All clear? Then it’s time to unpack your suitcase and give your teddy bear some fresh air.

4: Keep the Windows Closed

It’s tempting to underestimate the importance of this one. After all, an open window allows you to ventilate the room, look out over the lawns, blast some music, and generally enjoy the sense of community that a college campus is meant to foster.

Opening your dorm room windows on a sunny day is a good way to let fresh air in, but it also allows pests to enter. Ladybugs, which are resistant to pesticides, are a common pest in dorm rooms. It’s best to limit the amount of time windows are left open and to close them at night or when you’re away. Installing screens or using a window fan can help with ventilation. It’s important to keep food locked up in sturdy, heavy plastic containers to prevent mice and rats from getting to it. Avoid leaving out candy dishes and fruit bowls as well. Fresh flowers can also attract insects. Food trash should be thrown out immediately to avoid attracting flies. Doing laundry regularly is important to prevent bugs like silverfish from making a home in your clothing.

Thankfully, there’s a simple solution to this problem. Wash your clothes regularly, as often as possible. While it may be time-consuming and expensive, it’s much better than turning your undershirts into a breeding ground for bugs.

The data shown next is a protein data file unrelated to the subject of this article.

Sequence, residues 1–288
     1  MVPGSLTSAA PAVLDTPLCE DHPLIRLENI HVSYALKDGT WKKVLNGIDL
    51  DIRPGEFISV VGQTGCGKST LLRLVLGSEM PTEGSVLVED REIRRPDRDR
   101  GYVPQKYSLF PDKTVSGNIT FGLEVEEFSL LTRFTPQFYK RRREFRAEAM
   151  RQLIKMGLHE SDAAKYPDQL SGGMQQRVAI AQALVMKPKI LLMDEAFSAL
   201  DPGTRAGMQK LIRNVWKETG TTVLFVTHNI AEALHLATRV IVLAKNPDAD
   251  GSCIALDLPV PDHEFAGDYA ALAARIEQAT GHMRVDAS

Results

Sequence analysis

Between washes, be sure to keep your dirty laundry off the floor. Even if you’re too tired to put your socks in the hamper at night, take a few seconds in the morning to pick them up and put them where they belong. Bugs aren’t picky about what they nest in, so don’t give them the chance. Additionally, invest in a hamper that sits a few inches off the ground on a metal frame.

Dirty towels are a major culprit for attracting bugs. Even if you reuse your towels a few times, make sure to hang them up to dry instead of leaving them wadded up in a corner or under the bed. Wet towels are a favorite of silverfish, and you don’t want to invite those nasty creatures into your living space.

And if your towel has been sitting in a dirty area of your room, it’s best to just get a new one altogether.

1: Choose Your Bedfellows Wisely

Bedbugs are becoming the new cockroaches in terms of notoriety. While both pests have been around for a long time, bedbugs are seen as a more significant threat due to their ability to spread quickly and deeply infiltrate your living space. They’re also difficult to eradicate once they’ve infested your home. And let’s be honest, they’re pretty gross. While roaches have been known to feed on human blood, they have other things going on in their lives, unlike bedbugs.